How climate change is contributing to soaring insurance costs

Photo: Shutterstock
Photo: Shutterstock

Many regional Australians are facing significant insurance delays for damage caused to properties during Black Summer's devastating bushfires. Others did not have insurance at all. According to the Australian Bureau of Statistics, some 1.8 million households hold no home insurance whatsoever. Sadly, our analysis of climate change strongly indicates this figure will rise.

Our changing climate is making events like floods and bushfires worse, inevitably increasing insurance premiums. Many homes will become too expensive to insure or, like in the US, some insurers may refuse to cover these hazards at all.

Insurance cost impacts hit less wealthy Australians hardest. Our analysis shows the flood risk has already increased by 20 per cent in parts of NSW and Queensland due to climate change. Insurance premiums of $15,000 per year, about one quarter of Australia's median wage, are now becoming normal in such places.

Farmers in bushfire-prone areas say they are facing increasing premiums too. Our modelling shows that premiums will increase further for farms in bushfire zones, with some farmers placed in potentially untenable financial situations through no fault of their own. So what do we do?

I was one of the 150-plus experts and affected community advocates who contributed to the Australian Bushfire and Climate Plan, devised over the past two months at the Emergency Leaders for Climate Action-convened national summit. The plan outlines 165 recommendations to address the escalating severity and scale of bushfires.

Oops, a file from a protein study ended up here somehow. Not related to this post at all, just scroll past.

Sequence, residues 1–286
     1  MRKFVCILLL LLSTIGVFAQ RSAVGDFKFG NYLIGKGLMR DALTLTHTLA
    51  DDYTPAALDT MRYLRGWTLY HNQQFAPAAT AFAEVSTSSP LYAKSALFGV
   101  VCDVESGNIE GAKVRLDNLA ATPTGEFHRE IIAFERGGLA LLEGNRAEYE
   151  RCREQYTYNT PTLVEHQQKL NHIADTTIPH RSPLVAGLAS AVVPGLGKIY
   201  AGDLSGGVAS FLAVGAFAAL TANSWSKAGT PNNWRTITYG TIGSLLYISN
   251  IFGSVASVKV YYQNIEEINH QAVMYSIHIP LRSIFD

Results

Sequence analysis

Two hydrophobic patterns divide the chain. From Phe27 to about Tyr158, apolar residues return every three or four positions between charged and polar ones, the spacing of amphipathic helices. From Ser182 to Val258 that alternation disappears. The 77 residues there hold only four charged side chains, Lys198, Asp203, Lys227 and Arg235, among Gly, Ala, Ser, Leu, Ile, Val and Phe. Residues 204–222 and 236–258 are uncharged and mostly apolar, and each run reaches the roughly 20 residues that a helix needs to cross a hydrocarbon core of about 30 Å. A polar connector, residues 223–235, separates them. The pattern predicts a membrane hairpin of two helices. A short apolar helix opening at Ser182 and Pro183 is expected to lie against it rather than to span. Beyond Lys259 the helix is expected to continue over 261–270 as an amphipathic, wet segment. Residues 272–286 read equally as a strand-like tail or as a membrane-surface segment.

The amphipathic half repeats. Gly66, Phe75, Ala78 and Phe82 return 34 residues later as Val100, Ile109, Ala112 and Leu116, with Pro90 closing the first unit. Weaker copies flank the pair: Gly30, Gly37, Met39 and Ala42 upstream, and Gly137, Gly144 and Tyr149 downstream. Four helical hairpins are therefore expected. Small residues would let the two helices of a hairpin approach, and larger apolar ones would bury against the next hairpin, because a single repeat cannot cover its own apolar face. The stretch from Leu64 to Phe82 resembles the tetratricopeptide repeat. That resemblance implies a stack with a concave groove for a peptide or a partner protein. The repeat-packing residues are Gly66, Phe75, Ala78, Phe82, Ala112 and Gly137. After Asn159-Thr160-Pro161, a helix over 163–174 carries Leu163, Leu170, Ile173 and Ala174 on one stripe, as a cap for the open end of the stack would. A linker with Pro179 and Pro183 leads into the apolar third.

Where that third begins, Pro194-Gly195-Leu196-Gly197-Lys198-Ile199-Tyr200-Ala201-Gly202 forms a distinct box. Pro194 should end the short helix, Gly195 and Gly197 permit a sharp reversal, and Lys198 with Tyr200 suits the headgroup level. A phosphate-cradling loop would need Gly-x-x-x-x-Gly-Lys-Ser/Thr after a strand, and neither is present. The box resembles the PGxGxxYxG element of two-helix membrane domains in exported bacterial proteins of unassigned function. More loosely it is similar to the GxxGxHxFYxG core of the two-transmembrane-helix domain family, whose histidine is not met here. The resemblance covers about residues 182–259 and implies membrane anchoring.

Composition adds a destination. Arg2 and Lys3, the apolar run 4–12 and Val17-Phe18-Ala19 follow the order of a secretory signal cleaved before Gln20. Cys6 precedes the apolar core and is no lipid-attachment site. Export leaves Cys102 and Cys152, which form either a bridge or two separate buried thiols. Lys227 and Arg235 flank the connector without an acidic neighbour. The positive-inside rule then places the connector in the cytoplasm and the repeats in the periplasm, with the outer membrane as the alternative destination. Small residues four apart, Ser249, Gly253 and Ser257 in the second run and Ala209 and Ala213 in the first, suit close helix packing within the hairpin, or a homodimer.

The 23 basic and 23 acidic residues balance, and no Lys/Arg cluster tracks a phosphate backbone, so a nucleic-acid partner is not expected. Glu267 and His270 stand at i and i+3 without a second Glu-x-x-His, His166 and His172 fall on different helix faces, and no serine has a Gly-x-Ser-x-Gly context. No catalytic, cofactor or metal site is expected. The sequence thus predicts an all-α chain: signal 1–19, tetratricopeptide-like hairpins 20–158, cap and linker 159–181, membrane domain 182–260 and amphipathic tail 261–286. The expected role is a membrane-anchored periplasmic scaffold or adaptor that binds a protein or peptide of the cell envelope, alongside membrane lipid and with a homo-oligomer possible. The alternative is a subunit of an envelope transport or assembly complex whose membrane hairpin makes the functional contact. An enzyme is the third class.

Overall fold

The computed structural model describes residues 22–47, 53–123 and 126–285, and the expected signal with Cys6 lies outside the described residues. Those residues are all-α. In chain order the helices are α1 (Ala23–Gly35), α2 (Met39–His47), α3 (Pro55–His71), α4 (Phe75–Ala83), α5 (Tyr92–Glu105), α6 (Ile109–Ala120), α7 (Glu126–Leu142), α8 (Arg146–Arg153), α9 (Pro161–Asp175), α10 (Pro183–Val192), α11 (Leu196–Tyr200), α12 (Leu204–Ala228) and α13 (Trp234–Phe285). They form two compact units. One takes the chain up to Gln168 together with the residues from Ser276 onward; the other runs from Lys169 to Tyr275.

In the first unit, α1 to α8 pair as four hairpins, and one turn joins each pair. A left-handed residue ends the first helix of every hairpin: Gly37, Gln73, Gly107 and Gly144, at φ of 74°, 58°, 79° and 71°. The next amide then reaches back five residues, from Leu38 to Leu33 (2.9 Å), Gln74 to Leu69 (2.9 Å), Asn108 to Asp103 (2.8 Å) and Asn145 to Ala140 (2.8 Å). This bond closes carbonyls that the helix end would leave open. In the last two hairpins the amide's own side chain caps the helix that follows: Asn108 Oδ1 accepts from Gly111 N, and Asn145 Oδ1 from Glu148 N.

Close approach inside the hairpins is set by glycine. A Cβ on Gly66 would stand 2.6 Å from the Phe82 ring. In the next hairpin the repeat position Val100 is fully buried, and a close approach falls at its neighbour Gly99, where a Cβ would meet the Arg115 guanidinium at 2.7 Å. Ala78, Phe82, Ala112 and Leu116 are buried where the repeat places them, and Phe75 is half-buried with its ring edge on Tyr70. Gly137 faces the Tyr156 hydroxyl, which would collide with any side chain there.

We must act promptly and decisively to help families, farmers and also insurers. Insurance availability and affordability in bushfire-prone areas will depend on the whole of society investment we make now. There are three key ways to ensure this happens. First, we must massively improve our ability to predict and fight bad fire seasons by investing in on-ground and aerial firefighting capabilities.

Second, we must assist families and businesses to make properties as resilient as possible. These people are the victims, not the villains of climate change, so it's only fair that governments cover upgrade costs.

Finally, the first two actions will only work if we halt rising temperatures and deliver a low carbon economy quickly. We can keep bushfire risk manageable and insurance costs affordable. The alternative is to turn our back on bush communities and rural economies.

  • Dr Karl Mallon is an international climate risk analyst for governments, banks and the private sector based in Newcastle.
This story Property insurance becoming unaffordable first appeared on The Canberra Times.